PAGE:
Teachers are at the forefront of education and are the most important component in young people’s learning. Investing in one teacher training and development can affect thousands of young people, especially in disadvantaged communities. Institutions with resources strive to provide teachers with opportunities for structured professional development and leadership. Building a group of highly trained teachers can unlock a virtuous cycle in education development – one that can help African countries achieve their vision of becoming advanced, knowledge-based economies.
This virtuous cycle begins with the accomplished students entering teacher colleges and other pre-service programs. When top students receive excellent training and become teachers, the quality of learning increases and efficiency is achieved as fewer children leave or repeat their degrees. The best teachers are promoted to leadership positions within schools so that they can motivate and nurture their peers. It raises the status of teachers and inspires more talented students to enter the profession and continue the virtuous cycle.
The Agenda 2063 of the African Union provides a bold vision to fully develop the human capital of the continent as its “most precious resource” through sustained investment in education from early childhood to university. These investments are aimed at building advanced, knowledge-based economies that drive prosperity across the continent.
As the most important ingredient in education with the greatest impact on a child’s learning, teachers are at the heart of achieving Africa’s vision. The COVID-19 pandemic emphasized the importance of education – and teachers – in helping young people acquire the skills they need to prepare for a rapidly changing world of work. Furthermore, teachers provide not only skills and knowledge but also compassion, and this has been an important element in supporting young people’s socio-emotional development through challenging times.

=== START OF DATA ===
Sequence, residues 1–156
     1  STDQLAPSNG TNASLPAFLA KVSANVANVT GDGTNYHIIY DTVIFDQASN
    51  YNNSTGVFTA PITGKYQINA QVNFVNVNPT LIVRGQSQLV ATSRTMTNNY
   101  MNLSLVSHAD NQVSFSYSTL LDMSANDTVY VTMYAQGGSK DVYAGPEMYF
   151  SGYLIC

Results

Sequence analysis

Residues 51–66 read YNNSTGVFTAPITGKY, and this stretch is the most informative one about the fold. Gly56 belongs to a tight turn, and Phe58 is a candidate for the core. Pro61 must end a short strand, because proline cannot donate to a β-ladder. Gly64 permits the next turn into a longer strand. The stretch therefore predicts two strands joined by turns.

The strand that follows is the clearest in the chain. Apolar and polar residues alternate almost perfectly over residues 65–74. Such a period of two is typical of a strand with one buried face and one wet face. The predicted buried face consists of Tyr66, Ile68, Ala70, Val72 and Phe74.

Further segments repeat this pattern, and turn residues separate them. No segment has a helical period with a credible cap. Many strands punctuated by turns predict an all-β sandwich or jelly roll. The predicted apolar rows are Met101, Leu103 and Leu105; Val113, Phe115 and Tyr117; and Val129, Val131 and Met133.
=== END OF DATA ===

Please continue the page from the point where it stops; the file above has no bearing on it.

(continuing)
The growing demand for secondary education – stemming from the universalisation of primary education and a growing youth population – means that enrollments for secondary schools are expected to double by 2030. UNESCO estimates that this growth will create a gap of more than 10 million secondary education teachers.
The changing nature of work in Africa necessitates transformation in secondary education systems to provide the skills and competencies required by trends such as digitization and automation. High on the list of these skills is 21st age skills (such as problem solving, communication and critical thinking) as well as STEM (science, technology, math and engineering), digital skills and business skills.
Yet teachers cannot transfer new skills by teaching in the old way or simply delivering knowledge on a platter. Dynamic, student-centered pedagogies that complement the skills-based curricula are required. When young people are enabled to ask questions about real-world problems, and then supported to find their own solutions, they develop the ability to think critically. Teachers can promote 21st century skills by promoting classroom debates, project-based learning and experimentation, enabling students to put the knowledge they learn into books and lectures into practice. The good news is that these teaching methods can be incorporated into any course or extracurricular activity, if the teacher is properly trained and willing to do so.